“I’ll pull forward until the line gets tight,” Oscar immediately returned to the matter at hand. “Then you throw your engine on and give whatever you’ve got to keep us aligned. I’ll do the pulling and warn you for every turn.”

“Of course Oscar. And…thank you, I really didn’t think anyone was going to come for me.”

“Don’t mention it.” It wasn’t a polite deference, it was an order. Oscar eased the throttle forward and the engine churned back to life. As he came close to the end of the rope’s length he lowered his speed so that he would hit tension as gently as possible. A slight jolt shuddered the boat from stem to stern and the boom that the rope ran from groaned ominously…but there didn’t come the sound of anything breaking. Looking over his shoulder Oscar could see Harry’s boat coming up to the same speed as his own. They were in sync.

Adding this final sentence about the two boats being “in sync” is a small change, but I think important. From this point on the two men truly share the same fate, and though they are at odds with one another, their journey is now shared.

That’ll do for today. Come back next week as I revise the next batch of this story.

Revising the Storm- Week 29

Last week I got through the first act of The Storm, which had only small tweaks here and there until I started the transition into the second act. Then came more substantial revisions, which were very satisfying, as it felt like I was carving away the cumbersome waste until the better story hidden underneath could shine through. It’s more difficult work making extensive alterations, but also more rewarding.

Today we’ll get through the end of the transition between acts, and I already know the number of substantial changes is going to pick up as we continue. So without further ado, let’s get to it.

Finding Harry)

Oscar edged his vessel along the narrow strip of water between cliffs on the left and storm-veil on the right. As he traced through that relatively calm water his eyes roved over the shoals and cliffs to the left, searching for any sign of a freshly broken boat. He saw none, only the black abyss of rock vaunting up into the sky and the black abyss of water spinning below. Oscar grabbed the mic and called through the storm.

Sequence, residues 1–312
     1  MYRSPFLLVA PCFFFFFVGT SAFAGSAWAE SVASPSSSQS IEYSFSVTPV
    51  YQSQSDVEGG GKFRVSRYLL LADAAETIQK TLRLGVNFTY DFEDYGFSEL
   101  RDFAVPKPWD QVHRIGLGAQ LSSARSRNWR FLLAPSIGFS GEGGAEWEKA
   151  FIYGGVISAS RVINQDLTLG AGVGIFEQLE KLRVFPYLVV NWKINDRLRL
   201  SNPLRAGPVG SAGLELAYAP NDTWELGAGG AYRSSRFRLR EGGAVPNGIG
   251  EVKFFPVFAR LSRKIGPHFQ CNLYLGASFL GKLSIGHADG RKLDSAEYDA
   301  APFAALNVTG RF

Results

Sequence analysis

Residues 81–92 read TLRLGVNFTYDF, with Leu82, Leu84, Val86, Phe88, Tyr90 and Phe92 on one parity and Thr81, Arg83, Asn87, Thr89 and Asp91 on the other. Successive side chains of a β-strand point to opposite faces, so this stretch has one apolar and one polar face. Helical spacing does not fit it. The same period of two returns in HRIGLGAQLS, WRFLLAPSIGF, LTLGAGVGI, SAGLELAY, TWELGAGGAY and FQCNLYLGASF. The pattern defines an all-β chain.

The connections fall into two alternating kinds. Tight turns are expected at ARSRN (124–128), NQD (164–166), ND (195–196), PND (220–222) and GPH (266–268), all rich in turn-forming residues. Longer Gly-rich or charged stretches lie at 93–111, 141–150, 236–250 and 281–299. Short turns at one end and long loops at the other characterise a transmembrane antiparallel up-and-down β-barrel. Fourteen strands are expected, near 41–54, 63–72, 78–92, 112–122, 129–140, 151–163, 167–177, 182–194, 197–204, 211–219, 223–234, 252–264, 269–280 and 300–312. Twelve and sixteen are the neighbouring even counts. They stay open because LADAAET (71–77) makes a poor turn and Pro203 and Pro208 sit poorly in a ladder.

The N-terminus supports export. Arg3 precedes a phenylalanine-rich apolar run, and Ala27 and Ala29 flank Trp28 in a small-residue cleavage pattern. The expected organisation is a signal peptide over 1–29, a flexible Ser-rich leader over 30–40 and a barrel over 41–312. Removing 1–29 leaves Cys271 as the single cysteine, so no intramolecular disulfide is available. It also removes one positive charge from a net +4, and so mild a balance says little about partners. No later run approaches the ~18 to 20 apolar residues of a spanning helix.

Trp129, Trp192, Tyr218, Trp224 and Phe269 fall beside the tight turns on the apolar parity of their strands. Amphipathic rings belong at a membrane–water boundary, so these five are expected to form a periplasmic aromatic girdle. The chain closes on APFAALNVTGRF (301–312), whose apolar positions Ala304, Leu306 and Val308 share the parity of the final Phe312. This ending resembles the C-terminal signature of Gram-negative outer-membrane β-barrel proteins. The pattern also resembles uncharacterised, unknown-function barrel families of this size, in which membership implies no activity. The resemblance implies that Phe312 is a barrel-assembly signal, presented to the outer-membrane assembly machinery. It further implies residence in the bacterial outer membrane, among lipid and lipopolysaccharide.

“This is the Last Horizon. Repeat, this is the Last Horizon. Does anybody read me?”

No response.

So Oscar turned his attention to the starboard side. Thirty yards distant there rose the wide curtain that marked the true beginnings of the storm, and it was edging closer and closer to him with each passing moment. He tried to catch sight of a vessel through its thick, shifting forms, but the whole thing was too transient to make make sense of any of it.

“Last Horizon calling Broken Wing. Broken Wing are you there?”

Again, no response.

Then a sudden gust of wind broke through the storm’s perimeter wall and Oscar’s boat jerked erratically. He let go of the mic and used both hands to wrestle his boat back into line, then grabbed the mic again and roared his frustration into it.

HARRY! DO YOU EVEN HEAR ME?!

His hand pulled at the wheel, starting to turn the vessel around. It was time to call this operation off as a lost cause. He had come, he had looked, but if waited around any longer there would be two boats lost in the storm instead of just one. But right at that moment, the crackle of static gave way to a small voice, timid and broken.

“Yes, yes…this is Harry here! I see you Oscar, I see you! I’m on your starboard side.”

I made some modifications to the above sequence, adding in the visual of Oscar threading the gap between the Broken Horn and the storm-curtain. I also added the bit about Oscar preparing to give up the search and then Harry’s voice finally coming over the radio. That might be a bit cliché, but I think it’s an effective way to build catharsis, making the audience know he was moments away from being out of this whole mess and then got roped back in again.